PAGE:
Recent data suggest that the DNA of monkeypox can also be detected in a variety of bodily fluids from those infected. That includes respiratory and nasal secretions, spit, urine, feces, and semen—meaning a flushed tissue from someone with monkeypox can register the virus in wastewater.

If a pathogen’s genetic footprint can persist in wastewater for over 24 hours, SCAN can likely detect it. Covid-19 viral RNA persists in wastewater for well over 10 days. Though monkeypox DNA seems to clear the 24-hour threshold, there is no public research on how long it persists. 

A question remains as to how much monkeypox DNA needs to get into the wastewater for SCAN to actually detect it. SCAN can sniff out covid from the wastewater from as few as two infected people among 100,000.

Even in a state like California, which keeps sewage and water drains separate, rain dilutes the quantity of viral DNA in wastewater. To account for that, SCAN normalizes its estimates using a virus with a well-established expected quantity—pepper mild mottle virus. Healthy humans excrete the harmless virus after eating pepper and pepper-based products, making it the most abundant RNA virus in human feces (conveniently, it’s also very stable in water).

Orange dots appear scattered throughout an array of green protrusions and tubes.
A scanning electron micrograph of the monkeypox virus (orange) on infected cells (green).


There is no evidence that you can contract monkeypox from wastewater itself. What drives human-to-human transmission is prolonged, close contact with an infected person that exposes you directly to their rash, bodily fluids, or respiratory droplets, according to the World Health Organization. Bedding and clothing from those with monkeypox can spread the virus too.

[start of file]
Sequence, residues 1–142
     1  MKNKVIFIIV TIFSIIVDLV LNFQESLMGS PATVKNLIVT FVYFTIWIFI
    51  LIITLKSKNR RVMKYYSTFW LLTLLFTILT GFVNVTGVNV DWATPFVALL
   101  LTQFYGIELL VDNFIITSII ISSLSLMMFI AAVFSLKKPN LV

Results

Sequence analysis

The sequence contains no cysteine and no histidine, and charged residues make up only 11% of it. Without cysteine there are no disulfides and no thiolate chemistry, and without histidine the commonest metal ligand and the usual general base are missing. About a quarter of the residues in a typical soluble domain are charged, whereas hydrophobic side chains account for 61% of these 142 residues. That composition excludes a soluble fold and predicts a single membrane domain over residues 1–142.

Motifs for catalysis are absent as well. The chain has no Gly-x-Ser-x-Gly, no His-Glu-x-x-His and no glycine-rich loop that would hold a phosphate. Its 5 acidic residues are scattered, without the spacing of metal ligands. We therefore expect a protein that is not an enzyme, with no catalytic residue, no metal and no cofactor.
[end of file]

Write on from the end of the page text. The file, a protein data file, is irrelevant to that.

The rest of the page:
Monkeypox has its own vaccine. The smallpox vaccine, which the US has in its national stockpiles, also offers protection against it. But public access to monkeypox testing, treatment, and vaccines is still limited. Examining wastewater can help public health officials spot monkeypox outbreaks without widespread testing and determine where to invest resources. 

Wastewater surveillance can also detect new monkeypox variants, two of which are currently circulating in the US. Virtually all of the current outbreak is driven by monkeypox’s West African strain, which SCAN has a specific test for. This strain is more infectious but far less deadly than the other strain, known as the Congo Basin clade. In recent years, monkeypox has killed 3 to 6 percent of those it infects, and it is deadlier in young children. This year monkeypox has killed three people worldwide.

SCAN is, at present, the only effort releasing data on monkeypox in wastewater. “The Bay Area is at the forefront of wastewater surveillance because we are Silicon Valley after all,” Boehm says. “But it’s not that California has monkeypox in the wastewater and noplace else does.”

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